Real estate consultants say Dubai sees biggest rental rise in the world in first three months of 2014
As prime residential rental growth in Dubai continues to soar quicker than traditional financial centres of London and Hong Kong, some tenants are beginning to consider the merits of purchasing a home, according to a new report by Knight Frank.
Its Prime Global Rental Index revealed that prime rents in Dubai rose by six percent in the first quarter of 2014, the strongest growth in the world.
According to Knight Frank, prime rents in the emirate - where sales price growth has slowed notably since the start of the year - rose by more than 10 percent in the past six months while annual growth was calculated at 16.4 percent, second only to Nairobi.
Knight Frank's report said: "In Dubai, prime rents continue to outpace wage inflation. This is raising concerns about affordability and is leading domestic and expat buyers alike to consider purchasing a home.
"However, the introduction of a mortgage cap and higher transfer fees at the end of 2013 has led some to defer this decision."
While prime rents around the world rose by 4.7 percent in the year to March, they were outperformed by prime capital values which increased by 6.1 percent over the same period, said Knight Frank.
"We expect the gap to narrow as corporate tenant demand – a key driver of prime rents – strengthens on the back of improving economic and business sentiment," it added.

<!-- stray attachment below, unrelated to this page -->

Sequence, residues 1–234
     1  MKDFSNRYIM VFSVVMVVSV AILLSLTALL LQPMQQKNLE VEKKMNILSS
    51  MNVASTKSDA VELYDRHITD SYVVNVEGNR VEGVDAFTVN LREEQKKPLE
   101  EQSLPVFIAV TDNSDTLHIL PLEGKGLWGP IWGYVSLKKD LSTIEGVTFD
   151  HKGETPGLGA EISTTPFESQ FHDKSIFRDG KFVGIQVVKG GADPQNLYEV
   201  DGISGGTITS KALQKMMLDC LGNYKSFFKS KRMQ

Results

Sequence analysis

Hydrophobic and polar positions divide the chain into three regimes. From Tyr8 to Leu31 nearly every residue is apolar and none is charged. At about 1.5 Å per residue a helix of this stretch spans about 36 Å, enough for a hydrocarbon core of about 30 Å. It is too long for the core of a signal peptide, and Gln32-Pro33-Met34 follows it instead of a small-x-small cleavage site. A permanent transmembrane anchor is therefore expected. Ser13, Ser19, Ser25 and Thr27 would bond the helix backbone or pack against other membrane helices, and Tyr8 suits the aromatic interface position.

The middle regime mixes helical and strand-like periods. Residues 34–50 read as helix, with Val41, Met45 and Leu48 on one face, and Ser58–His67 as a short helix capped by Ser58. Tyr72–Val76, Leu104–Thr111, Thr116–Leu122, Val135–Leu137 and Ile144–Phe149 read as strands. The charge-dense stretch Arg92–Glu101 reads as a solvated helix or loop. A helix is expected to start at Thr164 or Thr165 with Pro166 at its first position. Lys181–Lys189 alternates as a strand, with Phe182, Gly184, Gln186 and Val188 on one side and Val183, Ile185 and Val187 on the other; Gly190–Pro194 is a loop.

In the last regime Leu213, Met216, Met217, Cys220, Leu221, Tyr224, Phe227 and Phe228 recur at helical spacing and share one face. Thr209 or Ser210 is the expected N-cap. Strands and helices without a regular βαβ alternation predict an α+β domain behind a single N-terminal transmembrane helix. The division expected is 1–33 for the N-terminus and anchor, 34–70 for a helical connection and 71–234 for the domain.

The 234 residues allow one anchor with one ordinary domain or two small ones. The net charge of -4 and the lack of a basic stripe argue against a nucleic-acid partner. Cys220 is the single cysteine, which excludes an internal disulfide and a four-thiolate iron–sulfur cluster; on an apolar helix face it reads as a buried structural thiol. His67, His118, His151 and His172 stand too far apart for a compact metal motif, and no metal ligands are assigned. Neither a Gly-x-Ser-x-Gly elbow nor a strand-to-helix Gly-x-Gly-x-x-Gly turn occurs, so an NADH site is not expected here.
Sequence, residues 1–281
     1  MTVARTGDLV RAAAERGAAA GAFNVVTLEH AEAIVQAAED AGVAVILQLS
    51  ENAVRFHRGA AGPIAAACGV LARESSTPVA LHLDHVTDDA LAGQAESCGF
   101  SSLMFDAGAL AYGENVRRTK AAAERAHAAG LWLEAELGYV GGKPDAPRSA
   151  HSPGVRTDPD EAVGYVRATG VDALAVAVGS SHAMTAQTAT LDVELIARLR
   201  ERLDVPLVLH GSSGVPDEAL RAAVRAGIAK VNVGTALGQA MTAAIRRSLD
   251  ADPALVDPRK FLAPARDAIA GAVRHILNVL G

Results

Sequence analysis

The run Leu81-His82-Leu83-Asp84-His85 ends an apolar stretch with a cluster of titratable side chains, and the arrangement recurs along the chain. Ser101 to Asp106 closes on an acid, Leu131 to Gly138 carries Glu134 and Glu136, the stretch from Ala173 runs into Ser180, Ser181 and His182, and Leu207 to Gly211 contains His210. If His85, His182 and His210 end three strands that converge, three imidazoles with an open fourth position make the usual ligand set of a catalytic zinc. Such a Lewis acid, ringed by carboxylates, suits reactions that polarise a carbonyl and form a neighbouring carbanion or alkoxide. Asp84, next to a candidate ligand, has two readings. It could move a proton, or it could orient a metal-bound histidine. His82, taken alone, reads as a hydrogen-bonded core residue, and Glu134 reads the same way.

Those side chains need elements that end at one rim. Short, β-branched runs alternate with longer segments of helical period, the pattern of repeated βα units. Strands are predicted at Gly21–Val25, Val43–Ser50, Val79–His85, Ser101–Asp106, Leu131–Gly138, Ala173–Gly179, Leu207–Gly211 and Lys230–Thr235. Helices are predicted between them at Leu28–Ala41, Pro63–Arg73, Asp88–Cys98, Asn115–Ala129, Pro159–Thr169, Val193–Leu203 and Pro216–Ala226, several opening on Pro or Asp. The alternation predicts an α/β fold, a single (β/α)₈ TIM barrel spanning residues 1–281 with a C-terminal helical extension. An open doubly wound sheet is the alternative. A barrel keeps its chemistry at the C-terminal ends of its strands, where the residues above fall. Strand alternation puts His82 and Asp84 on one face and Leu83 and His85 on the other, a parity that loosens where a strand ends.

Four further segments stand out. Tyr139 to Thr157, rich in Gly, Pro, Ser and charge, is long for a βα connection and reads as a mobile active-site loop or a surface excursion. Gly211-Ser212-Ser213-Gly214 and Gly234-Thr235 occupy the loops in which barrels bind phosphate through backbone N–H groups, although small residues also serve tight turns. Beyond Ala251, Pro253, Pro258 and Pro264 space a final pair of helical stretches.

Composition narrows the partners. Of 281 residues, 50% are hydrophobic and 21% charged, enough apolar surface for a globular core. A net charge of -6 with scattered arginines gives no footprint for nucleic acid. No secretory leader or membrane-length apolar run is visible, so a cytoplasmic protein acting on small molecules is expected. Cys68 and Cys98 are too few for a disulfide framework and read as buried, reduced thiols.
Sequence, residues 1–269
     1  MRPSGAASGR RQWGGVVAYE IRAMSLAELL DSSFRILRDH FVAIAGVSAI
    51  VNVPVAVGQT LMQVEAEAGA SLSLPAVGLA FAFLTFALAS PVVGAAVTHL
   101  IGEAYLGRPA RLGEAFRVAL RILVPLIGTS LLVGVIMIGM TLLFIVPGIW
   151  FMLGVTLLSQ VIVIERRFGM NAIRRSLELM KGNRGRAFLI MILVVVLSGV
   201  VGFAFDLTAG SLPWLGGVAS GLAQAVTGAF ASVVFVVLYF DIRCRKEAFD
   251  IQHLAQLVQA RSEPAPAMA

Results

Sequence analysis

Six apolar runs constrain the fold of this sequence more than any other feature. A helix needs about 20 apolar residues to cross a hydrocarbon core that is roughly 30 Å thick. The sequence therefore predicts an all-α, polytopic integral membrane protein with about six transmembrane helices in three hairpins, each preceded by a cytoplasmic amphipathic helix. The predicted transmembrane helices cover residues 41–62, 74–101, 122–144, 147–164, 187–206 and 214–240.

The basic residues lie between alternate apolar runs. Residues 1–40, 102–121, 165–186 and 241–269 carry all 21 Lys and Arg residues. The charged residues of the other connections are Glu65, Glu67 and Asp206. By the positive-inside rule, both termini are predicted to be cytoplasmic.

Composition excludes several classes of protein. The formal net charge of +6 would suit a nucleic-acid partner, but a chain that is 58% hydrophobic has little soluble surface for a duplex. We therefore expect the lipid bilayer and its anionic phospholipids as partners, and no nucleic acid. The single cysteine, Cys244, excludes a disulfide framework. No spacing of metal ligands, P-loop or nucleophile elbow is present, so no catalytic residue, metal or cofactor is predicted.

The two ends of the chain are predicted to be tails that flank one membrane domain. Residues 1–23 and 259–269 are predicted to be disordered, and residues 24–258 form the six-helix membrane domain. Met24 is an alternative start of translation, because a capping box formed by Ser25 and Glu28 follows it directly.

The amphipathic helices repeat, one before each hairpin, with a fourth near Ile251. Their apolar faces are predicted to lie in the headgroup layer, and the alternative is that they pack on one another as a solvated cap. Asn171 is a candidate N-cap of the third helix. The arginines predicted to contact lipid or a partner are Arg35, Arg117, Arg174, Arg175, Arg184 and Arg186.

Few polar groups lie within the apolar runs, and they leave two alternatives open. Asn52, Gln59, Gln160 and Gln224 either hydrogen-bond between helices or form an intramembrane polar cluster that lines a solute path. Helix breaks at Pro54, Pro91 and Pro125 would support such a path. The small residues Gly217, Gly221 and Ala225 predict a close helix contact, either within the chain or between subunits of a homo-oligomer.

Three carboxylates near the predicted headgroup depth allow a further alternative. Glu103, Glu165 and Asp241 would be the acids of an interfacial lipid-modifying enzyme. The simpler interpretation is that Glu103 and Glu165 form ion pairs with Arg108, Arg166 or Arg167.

Nairobi topped the annual rent rankings for the fourth consecutive quarter while prime rents declined in Singapore, London and Hong Kong in the year to March.
Kate Everett-Allen, head of International Residential Research at Knight Frank, said: “The key risks for the world’s sales markets could emerge as catalysts for growth in terms of prime rents.”
In April, property consultant CBRE warned that the rising cost of living in Dubai is “starting to become a very real concern for many residents”.
Mat Green, head of Research & Consultancy UAE for CBRE Middle East, said rentals had increased by an average 45 percent in the past two years in the emirate, in what he expected would lead to an increase in occupiers starting to consider Sharjah and the Northern Emirates as a cheaper alternative.